October 8, 2021
In this roughly hour-long interview with leading biblical scholar John Dominic Crossan, host Edouard Tahmizian delves into Crossan’s intriguing exploration of how Paul recast the Judaic concept of a general resurrection at the end of time as process that occurs through time, the obscenity of the notion that God oversaw Jesus’ murder so that Jesus could take the punishment for our sins to absolve us from having to receive it, what higher criticism has revealed about the use of “artistic license” in the composition of the canonical Gospels, and whether Jesus was one of many contemporaneous leaders experimenting with nonviolent resistance in response to Roman rule. Check out this intriguing interview with a world-class scholar on all of these issues and more!
October 7, 2021
In this nearly hour-long interview with the prominent historian and freethinker Richard C. Carrier, Freethinker Podcast host Edouard Tahmizian and fellow Internet Infidels board member John MacDonald talk with Carrier about his conversion from Christianity to Taoism before he adopted metaphysical naturalism, his mystical experiences, the literature on the historicity of Jesus and Jesus mythicism, the original intent of the authors of the canonical Gospels, and much more! Tune in for this fascinating discussion with a long-running scholar and freethought activist.
Added the sixth Freethinker Podcast YouTube video on Edouard Tahmizian’s Secular Web Paper on Determinism (2021) to the Freethinker Podcast page under Resources on the Secular Web.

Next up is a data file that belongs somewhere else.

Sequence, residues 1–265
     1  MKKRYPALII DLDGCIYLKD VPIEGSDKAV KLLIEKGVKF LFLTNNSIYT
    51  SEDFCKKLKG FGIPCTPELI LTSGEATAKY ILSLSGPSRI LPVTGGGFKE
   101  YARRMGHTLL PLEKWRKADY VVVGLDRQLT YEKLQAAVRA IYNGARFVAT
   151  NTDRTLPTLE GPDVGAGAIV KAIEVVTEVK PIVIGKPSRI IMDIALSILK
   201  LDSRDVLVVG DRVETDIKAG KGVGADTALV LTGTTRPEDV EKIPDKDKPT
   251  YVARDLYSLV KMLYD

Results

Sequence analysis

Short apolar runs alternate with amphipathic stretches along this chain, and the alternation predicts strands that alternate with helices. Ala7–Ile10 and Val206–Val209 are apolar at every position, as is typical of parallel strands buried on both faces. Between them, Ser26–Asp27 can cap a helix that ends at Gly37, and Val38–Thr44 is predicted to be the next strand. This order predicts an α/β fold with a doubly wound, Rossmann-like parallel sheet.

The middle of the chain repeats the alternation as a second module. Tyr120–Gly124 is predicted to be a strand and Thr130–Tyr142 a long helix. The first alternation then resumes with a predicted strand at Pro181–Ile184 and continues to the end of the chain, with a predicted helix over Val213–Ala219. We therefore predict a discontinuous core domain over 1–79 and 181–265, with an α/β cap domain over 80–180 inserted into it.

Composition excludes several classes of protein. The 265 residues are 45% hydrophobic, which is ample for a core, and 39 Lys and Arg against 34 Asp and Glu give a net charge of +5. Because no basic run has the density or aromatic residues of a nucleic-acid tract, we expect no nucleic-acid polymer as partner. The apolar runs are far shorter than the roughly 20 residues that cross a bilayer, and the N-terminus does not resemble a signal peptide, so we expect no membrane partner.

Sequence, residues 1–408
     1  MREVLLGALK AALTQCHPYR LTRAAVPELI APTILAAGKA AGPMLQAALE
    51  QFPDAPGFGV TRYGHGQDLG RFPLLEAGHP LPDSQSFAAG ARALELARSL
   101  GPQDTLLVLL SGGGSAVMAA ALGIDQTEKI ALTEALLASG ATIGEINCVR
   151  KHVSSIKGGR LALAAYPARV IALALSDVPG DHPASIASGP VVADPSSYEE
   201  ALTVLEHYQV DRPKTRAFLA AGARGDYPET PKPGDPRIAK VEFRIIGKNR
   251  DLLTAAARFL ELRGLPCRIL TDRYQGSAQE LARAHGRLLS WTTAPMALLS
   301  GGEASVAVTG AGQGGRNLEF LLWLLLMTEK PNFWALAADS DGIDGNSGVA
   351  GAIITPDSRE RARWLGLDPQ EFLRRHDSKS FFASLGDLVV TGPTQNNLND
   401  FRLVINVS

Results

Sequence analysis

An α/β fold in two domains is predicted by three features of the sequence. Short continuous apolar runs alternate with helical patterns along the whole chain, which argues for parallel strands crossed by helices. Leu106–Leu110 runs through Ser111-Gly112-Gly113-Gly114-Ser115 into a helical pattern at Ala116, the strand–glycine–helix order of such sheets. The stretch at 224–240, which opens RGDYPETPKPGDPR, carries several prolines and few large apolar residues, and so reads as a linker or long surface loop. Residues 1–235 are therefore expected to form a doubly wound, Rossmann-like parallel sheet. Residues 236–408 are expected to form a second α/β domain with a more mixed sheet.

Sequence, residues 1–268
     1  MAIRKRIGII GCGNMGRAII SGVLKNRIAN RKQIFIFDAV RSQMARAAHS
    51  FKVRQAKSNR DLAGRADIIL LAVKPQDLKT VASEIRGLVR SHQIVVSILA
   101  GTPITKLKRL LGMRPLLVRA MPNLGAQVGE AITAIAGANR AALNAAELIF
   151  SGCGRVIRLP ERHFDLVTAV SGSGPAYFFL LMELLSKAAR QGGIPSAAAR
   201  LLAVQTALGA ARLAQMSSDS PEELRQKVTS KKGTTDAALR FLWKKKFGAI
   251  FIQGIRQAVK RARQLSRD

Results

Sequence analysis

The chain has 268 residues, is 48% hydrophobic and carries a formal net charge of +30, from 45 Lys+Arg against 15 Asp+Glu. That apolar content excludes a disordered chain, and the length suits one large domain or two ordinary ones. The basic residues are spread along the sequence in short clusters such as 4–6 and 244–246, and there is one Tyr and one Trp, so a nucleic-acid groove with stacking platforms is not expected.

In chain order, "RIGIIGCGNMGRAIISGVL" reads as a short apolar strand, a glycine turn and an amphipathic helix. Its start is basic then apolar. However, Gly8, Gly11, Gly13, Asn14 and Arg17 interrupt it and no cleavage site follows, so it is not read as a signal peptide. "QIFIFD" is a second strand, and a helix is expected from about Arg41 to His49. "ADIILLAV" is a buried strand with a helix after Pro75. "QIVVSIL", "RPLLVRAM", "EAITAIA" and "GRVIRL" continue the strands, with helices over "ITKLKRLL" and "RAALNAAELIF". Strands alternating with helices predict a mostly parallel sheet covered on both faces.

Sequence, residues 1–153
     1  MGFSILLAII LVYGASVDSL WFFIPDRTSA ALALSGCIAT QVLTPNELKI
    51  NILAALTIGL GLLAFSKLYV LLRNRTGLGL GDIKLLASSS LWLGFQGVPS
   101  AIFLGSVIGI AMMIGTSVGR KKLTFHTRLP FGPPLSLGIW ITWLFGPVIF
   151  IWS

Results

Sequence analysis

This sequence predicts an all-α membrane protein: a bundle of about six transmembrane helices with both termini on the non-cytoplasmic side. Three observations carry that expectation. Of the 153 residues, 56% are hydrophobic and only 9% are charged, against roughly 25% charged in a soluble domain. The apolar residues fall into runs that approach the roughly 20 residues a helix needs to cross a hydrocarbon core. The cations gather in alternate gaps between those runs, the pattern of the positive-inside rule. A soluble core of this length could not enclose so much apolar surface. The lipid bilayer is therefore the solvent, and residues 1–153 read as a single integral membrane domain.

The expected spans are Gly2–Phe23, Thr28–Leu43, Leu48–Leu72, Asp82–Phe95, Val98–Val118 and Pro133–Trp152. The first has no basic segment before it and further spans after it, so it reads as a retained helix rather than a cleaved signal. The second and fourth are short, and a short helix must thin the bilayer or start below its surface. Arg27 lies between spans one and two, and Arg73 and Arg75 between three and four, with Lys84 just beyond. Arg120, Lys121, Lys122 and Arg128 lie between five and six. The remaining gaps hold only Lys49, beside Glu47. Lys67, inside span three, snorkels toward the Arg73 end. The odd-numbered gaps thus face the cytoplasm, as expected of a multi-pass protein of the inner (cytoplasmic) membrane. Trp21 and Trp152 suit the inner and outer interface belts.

In this 20-minute overview of his Secular Web paper “God is Either the Efficient or Final Cause of Evil,” Edouard Tahmizian outlines his argument that if the biblical account outlined in Genesis is true, then God is ultimately the source of all evil since he is causally responsible for any original sin that humanity inherited from Adam and Eve’s initial transgression in the Garden of Eden.
October 1, 2021
Based on conversations with religious family members, Bob Harriet outlines key takeaway points about rational deliberation about religion with the faithful. He concludes, for instance, that fundamentalists reside in a bubble that cannot be penetrated from the outside by philosophical arguments, the results of biblical scholarship, or other such academic concerns. Thus, unless freethinkers particularly enjoy engaging in argument for its own sake, or have other reasons for offering up arguments, it is best to simply live and let live given (as Harriet sees it) the futility of attempts to change the beliefs of the faithful.
September 16, 2021
In this twenty-minute dialog, host and Internet Infidels social media manager Edouard Tahmizian talks with Bob Seidensticker, a retired Microsoft computer programmer and blogger for the last decade at the Patheos blog Cross Examined: Clear Thinking about Christianity. Join Edouard and John as they discuss historical Jesus studies, John’s deconversion and antitheism, the best arguments against the existence of God, the evidence for biological evolution, the lack of manuscripts of the canonical Gospels contemporaneous with the events they depict, and John’s forthcoming book 2-Minute Christianity: 50 Big Ideas Every Christian Should Understand.
September 8, 2021
In this half-hour long dialog, Edouard Tahmizian (host and board member of Internet Infidels) talks with Dr. David Madison, a pastor-turned-atheist who received his Ph.D. in biblical studies from Boston University School of Theology, Madison recounts how his early obsession with discerning history from legend in the Bible eventually led him to become an atheist. His challenge to theists today is to provide even one verifiable fact about God that all theists agree on, a challenge made particularly daunting by the fact that theists cannot even agree about which revealed text to consult in order to answer it. Madison also talks about the societal damage wrought by Jesus’ alleged words on the unacceptability of divorce, about whether he would return during his immediate followers’ lifetimes, about the historical unreliability of the canonical Gospels, and much more. Tune in for this fascinating discussion!